Protesters of Senate Bill 8 stand at the front steps of the Texas Capitol during a march last weekend. Photo by Michael Gonzalez/The Texas Tribune
Oct. 9 (UPI) -- The 5th U.S. Circuit Court of Appeals late Friday temporarilyallowed Texas' near-total abortion ban -- the strictest in the nation -- to again be enforced after freezing a federal judge's temporary block of the law. The state appealed the order just two days after it was issued.
A panel of 5th Circuit justices restored enforcement of the law hours after Texas asked the court to step into a lawsuit that the U.S. Justice Department filed against the state. Enforcement of the law will be allowed to continueuntil at least Tuesday, when a response from the Justice Department is due. After the court considers arguments from both sides, the court can decide whether to continue allowing enforcement of the law or allow a lower court to once again temporarily block it.
The court would not be determining the overall case's outcome at this point -- but it would decide whether the law could continue to stand while court proceedings unfold.
In their request for an emergency stay, Texas attorneys argued that U.S. District Judge Robert Pitman's order to temporarily block enforcement of the state's abortion restrictions "violates the separation of powers at every turn."
That's because it leaves enforcement of the new restrictions not to state officials but instead to private citizens filing lawsuits through the civil court system against people who perform or assist someone in getting an abortion. The law lays out a penalty of at least $10,000 for people or groups that are successfully sued.
The abortion law allows for retroactive enforcement -- meaning those who helped someone get an abortion while the law was blocked for two days can now be sued.
A day after Pitman's order, at least one major provider in the state -- Whole Woman's Health -- had quickly begun performing abortions that Texas lawmakers sought to outlaw. It appears the clinics and doctors who performed abortions outlawed by the statute would now be vulnerable to lawsuits after Friday's order.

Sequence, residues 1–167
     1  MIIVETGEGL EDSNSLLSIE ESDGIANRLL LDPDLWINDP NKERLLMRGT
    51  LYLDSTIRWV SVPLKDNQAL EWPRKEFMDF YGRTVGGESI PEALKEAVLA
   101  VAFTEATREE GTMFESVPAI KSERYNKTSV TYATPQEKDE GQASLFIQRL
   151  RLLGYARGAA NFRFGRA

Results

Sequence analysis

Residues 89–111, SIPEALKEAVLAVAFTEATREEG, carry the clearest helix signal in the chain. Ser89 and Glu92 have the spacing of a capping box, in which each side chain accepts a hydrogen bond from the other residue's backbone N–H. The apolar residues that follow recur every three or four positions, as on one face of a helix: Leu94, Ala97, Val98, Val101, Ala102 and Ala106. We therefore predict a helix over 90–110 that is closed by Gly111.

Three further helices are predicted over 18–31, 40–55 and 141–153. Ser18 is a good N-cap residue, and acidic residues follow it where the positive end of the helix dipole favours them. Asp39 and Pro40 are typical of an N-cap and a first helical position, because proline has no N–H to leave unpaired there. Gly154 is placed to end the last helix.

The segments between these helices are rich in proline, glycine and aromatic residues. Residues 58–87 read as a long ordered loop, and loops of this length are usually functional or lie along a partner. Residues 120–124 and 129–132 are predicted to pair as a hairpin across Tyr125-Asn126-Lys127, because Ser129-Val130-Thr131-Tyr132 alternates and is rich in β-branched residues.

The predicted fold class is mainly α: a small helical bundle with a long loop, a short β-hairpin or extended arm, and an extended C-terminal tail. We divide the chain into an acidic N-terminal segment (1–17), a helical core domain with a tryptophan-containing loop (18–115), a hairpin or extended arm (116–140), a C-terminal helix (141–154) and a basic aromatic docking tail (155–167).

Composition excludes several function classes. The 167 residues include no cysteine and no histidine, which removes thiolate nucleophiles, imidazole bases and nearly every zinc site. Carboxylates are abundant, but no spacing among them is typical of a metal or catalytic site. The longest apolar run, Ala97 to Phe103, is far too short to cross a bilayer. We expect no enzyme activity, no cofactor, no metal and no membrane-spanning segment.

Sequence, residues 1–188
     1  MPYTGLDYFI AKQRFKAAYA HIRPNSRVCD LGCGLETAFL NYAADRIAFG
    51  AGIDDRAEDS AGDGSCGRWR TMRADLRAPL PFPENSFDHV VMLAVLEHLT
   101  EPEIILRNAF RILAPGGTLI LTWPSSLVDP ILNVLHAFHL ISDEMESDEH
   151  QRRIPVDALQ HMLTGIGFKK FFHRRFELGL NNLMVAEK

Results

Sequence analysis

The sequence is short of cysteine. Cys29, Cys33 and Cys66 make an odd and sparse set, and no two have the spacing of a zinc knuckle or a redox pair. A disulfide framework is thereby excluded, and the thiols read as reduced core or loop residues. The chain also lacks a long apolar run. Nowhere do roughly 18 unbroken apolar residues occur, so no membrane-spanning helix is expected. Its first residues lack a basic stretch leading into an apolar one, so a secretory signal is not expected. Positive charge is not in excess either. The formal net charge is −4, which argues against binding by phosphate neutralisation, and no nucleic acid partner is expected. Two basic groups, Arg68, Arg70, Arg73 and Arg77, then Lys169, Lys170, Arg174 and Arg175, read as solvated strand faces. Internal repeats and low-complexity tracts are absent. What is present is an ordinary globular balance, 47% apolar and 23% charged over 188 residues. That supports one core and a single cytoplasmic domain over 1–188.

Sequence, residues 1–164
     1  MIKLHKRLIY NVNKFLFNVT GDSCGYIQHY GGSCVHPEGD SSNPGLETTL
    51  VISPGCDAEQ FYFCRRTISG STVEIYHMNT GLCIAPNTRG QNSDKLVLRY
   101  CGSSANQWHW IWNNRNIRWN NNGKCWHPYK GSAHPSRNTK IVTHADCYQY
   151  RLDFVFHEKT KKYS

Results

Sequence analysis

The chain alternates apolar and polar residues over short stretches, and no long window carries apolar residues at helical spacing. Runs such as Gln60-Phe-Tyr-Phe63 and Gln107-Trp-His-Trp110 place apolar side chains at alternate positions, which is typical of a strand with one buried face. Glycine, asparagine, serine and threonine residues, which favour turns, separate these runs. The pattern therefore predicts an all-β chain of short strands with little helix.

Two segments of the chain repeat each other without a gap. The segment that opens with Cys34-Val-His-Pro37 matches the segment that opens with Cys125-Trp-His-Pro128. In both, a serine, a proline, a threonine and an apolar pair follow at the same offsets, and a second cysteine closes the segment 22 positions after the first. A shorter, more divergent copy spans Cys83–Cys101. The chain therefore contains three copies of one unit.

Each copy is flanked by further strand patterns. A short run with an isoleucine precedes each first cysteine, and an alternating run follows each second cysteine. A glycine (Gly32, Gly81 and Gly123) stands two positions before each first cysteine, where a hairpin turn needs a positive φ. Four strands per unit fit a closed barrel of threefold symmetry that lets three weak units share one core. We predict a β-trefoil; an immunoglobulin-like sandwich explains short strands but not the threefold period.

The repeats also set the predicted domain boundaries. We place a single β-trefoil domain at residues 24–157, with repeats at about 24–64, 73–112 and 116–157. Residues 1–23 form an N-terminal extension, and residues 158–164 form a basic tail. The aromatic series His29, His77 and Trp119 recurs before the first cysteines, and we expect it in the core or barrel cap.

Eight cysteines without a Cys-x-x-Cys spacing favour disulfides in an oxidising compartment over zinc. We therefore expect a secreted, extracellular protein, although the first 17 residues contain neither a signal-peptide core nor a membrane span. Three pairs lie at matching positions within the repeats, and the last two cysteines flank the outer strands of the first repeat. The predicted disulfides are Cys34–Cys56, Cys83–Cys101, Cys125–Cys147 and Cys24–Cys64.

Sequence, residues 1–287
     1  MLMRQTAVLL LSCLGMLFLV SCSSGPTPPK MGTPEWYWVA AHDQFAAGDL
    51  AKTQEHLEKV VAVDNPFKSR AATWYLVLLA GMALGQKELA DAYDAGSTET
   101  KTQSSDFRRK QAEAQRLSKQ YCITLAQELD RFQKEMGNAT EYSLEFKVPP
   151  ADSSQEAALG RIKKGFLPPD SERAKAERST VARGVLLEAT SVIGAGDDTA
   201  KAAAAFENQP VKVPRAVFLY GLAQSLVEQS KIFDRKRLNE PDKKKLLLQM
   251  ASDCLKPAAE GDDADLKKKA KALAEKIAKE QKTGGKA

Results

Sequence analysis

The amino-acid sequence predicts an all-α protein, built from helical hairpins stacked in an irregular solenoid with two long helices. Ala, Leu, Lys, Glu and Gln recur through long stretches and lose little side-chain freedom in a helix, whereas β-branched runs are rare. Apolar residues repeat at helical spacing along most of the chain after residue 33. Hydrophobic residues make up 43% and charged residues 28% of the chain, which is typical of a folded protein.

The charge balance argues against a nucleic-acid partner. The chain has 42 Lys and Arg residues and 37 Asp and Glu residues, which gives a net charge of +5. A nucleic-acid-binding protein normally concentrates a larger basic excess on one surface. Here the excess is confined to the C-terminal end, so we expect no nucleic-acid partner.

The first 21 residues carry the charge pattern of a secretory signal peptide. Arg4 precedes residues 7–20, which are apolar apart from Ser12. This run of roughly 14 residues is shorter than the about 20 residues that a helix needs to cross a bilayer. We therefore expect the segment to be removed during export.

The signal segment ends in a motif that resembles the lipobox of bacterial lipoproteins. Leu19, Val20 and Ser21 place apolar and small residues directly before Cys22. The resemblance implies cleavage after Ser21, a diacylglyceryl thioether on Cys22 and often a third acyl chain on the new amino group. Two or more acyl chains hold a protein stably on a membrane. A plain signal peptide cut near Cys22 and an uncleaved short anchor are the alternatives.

"We do understand that it does open us up to some risk. We have to wait and see," said Amy Hagstrom Miller, CEO of Whole Woman's Health. "We have a lot of lawyers on speed dial these days."
Miller said her organization and physicians in her clinics are on edge.
"But not for a second do we question that it was the right thing to do," she said. "People need our help, and they shouldn't be put through this."
The organization will comply with the law once again, she said. Already several appointments had been made for Monday, so clinics will have to cancel them.
"Unfortunately, there's going to be a lot of phone calls we have to make," she said.
Kim Schwartz, media and communication directorfor the anti-abortion groupTexas Right to Life, said her organization didn't have concrete plans to file lawsuits yet but is "interested" in the possibility.
"Whole Woman's Health is going to be vulnerable to lawsuits because they chose to violate the statute over the last couple days," she said.
The organization previously vowed to seek legal action against any violators of the law when credible evidence exist. Since the law first went into effect, it has not yet filed any lawsuits made possible by SB 8 against those who have helped someone get an abortion.
"This ruling is an answered prayer," Schwartz said. "We're very excited about this ruling and hope to see many more victories to come."
The ACLU released a statement Friday night condemning the 5th Circuit's decision.
"This is a deeply alarming order that will allow Texas' abortion ban to go back into effect at a time when abortion providers were quickly starting to resume abortion care for all patients," Brigitte Amiri, deputy director of the ACLU Reproductive Freedom Project, said in a statement. "Today's order means that the havoc that this law has created is allowed to restart... we hope the case moves swiftly so the law can be halted again."
In his order, Pitman called the law an "unprecedented and aggressive scheme to deprive its citizens of a significant and well-established constitutional right."
Texas attorneys argued in their Friday appeal that the Justice Department's request to block the law was an overstep of the federal government.
"This court's immediate intervention is necessary to vindicate Texas's sovereign interest in preventing a single federal district court from superintending every Texas court," Texas attorneys wrote in Friday's request.
The 5th Circuit already issued an emergency stay in late August to stop district court proceedings and cancel a hearing in another lawsuit challenging Texas' abortion law. Pitman is also overseeing that case, which was brought on by abortion providers.
James Pollard contributed to this story.
This article originally appeared in The Texas Tribune. Read the original here.The Texas Tribune is a non-profit, non-partisan media organization that informs Texans -- and engages with them -- about public policy, politics, government and statewide issues.